Beyond the violence, Jordan is crafting an intriguing mystery similar to what Mike Carey is doing in The Unwritten. There’s a malevolent secret organization with lots of dead (and dying) bodies in its closet, and Luther’s sudden strength is connected somehow. There’s also the threat of whoever it is that makes Luther’s mother jump when there’s a knock at the door, as well as a teen romance, because of course he’s doing it for the girl. By building Luther’s relationship with his mother and friends, Jordan creates an emotional skeleton for his story, and the wonderfully over-the-top violence is the muscle that moves it forward.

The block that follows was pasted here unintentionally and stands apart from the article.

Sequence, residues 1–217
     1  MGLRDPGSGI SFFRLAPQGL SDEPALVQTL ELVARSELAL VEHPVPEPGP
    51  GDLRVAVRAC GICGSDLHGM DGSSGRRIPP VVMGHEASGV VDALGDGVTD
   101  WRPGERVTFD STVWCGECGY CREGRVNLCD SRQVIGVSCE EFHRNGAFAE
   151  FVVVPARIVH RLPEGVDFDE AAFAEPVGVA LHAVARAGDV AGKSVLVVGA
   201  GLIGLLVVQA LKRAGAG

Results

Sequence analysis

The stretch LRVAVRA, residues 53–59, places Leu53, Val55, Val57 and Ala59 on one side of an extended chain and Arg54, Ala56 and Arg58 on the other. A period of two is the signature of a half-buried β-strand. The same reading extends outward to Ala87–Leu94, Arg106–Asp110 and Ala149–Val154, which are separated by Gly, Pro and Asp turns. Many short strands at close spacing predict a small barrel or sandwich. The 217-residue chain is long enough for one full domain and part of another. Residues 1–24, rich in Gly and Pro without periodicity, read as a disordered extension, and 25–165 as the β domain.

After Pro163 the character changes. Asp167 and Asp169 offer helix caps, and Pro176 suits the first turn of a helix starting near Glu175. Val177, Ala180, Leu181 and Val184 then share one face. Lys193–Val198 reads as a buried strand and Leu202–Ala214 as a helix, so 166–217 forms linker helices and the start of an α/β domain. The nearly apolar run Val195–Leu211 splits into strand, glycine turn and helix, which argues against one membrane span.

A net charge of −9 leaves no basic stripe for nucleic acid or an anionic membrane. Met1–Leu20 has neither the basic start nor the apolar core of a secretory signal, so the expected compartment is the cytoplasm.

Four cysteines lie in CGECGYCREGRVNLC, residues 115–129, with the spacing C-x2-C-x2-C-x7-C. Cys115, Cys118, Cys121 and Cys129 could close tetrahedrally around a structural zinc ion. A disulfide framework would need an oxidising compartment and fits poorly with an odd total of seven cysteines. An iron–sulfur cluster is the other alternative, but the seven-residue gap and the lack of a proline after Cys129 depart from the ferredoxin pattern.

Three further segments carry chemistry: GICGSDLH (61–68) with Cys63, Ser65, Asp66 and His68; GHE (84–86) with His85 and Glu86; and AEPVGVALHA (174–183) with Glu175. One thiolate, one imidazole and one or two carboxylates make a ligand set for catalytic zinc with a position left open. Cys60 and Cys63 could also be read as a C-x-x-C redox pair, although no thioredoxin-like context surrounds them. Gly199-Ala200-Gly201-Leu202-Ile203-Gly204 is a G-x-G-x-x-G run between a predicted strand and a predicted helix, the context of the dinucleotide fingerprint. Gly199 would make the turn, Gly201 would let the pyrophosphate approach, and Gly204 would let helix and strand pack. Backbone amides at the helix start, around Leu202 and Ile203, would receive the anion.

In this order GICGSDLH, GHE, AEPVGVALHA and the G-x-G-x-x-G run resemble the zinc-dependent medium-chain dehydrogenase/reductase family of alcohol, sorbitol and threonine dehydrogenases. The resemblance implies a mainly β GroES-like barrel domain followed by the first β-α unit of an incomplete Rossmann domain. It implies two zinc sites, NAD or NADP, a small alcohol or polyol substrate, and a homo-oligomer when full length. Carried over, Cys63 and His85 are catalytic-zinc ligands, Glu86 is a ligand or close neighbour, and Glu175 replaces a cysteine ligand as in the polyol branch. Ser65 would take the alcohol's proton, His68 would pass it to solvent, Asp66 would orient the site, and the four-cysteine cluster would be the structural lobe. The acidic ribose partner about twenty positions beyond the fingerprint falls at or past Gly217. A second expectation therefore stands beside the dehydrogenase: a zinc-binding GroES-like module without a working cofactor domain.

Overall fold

Former DC Comics President Paul Levitz’s Legion Of Superheroes was one of the weakest books of the DC relaunch, but he redeems himself with Huntress #1 (DC), an action-packed, character-driven story with superb artwork from Marcus To. DC got a lot of flak for the portrayals of its female characters in the relaunch, so it’s nice to see a character actually getting a sexuality downgrade here, starting with the redesign of Huntress’ costume: The midriff is finally gone, and her costume covers her entire body. (Batwoman must be having some influence on the rest of the Gotham girls, because they’ve started covering up.) Helena is confident and aggressive in her work—stopping a human-trafficking ring that pits her against a ruthless Italian crime lord—and while she uses her appearance to get what she wants, she does it by exploiting the weakness of men rather than objectifying herself. Marcus To began his career as a Michael Turner clone, but he’s grown immensely since starting at DC. The action moves quickly, the anatomy is precise, and his environments are clean and detailed. How this book connects to the rest of the DCU has yet to be seen, but it inspires confidence that DC will be moving in a better direction with its female characters. …